We find that investigating and developing a story based on what is going on – with the consumer, their world, the products they use – sets an incredible stage by which to introduce your new development. Consumers always know that their existing products aren’t 100% perfect and to show how your new product is / will be different and better you need to understand first what is currently missing.
Most product ideation is done via concept development, resulting in a 3 sentence summary describing the new idea and why it will be different and better. Too often, these concepts fail when tested or when launched. The issue is that most concepts are written without really investigating what is going on. In many ways it is like writing a newspaper headline without ever writing the story that underpins it.
By developing a story first to fuel concept and product development, we find that this dramatically increases the success rate of new ideas and propositions. In addition, once we start looking for a story we rarely only find one. Armed with many stories means that we have the building blocks of a year on year innovation strategy and as a result your overall return on investment is hugely increased.
Any time. It’s never too early or late to start writing a story for your brand or product.
If you have already developed a product, developing a story can reach back into the development process and draw out key design elements that can be highlighted in communication. Importantly describing your product in the context of a story will help the consumer see themselves as the hero and see the new product as something that was designed to empower them – offering them something different and better.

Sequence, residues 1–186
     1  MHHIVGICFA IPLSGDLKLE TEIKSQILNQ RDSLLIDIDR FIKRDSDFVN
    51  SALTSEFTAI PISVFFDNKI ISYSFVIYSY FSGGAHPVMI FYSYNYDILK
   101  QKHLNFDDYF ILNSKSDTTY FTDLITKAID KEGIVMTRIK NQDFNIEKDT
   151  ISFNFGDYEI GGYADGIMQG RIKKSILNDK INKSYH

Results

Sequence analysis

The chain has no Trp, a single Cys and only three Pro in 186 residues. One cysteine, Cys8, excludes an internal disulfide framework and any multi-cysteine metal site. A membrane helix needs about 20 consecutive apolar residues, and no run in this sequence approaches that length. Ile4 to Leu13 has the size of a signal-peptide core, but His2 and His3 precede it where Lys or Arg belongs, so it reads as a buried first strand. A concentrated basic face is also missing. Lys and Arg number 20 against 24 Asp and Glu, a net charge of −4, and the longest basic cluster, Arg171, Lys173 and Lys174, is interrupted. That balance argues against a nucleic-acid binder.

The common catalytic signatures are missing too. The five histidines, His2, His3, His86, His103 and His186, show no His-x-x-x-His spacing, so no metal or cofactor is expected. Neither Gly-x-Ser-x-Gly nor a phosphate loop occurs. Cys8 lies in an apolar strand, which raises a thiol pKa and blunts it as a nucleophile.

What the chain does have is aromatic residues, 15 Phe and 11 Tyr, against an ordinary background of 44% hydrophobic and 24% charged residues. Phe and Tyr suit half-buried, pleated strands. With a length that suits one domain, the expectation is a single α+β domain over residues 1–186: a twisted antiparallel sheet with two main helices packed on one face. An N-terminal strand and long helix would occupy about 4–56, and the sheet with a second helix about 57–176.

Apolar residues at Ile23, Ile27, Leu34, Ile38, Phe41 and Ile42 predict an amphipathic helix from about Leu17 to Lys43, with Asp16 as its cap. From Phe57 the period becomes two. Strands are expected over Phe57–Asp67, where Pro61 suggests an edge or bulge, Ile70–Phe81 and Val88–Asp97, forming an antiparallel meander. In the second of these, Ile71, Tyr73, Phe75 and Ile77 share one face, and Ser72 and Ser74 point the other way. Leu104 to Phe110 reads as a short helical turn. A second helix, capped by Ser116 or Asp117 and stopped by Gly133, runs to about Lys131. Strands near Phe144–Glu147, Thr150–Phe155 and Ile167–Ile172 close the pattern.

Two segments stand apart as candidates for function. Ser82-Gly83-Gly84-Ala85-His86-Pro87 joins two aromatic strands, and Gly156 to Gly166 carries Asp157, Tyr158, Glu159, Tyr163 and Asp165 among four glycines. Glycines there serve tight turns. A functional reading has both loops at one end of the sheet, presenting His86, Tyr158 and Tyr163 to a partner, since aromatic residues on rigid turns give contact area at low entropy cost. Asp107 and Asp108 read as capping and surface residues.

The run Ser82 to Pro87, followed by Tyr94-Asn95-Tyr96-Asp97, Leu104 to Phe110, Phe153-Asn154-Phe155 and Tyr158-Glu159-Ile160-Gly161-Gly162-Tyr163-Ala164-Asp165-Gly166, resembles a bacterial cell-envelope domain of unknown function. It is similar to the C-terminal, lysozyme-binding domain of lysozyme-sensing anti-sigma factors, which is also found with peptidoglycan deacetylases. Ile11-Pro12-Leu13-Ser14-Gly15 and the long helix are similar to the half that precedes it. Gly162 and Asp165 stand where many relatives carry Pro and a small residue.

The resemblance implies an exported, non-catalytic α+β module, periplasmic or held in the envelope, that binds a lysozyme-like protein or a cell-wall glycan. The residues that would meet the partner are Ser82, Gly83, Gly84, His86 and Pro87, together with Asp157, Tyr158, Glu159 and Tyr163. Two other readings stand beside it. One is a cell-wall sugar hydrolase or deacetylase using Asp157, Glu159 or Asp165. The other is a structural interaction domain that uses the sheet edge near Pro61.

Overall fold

If your product is already in market, developing a story generates new opportunities to commercialise your existing offering, refining communication to make it even more impactful and resonant for your target and thought leaders.
If you have a prototype, developing a story can help identify design cues that can be used in actual product design so that both your product and communication tell the end user or consumer the story of how it is different and better.
If you are at the front end, looking for new products and ideas, developing ‘future stories’ can garner momentum across the entire innovation process. Early story ideas can inspire concept development as well as product development and developing a sequence of stories sets the stage for a compelling long-term innovation strategy.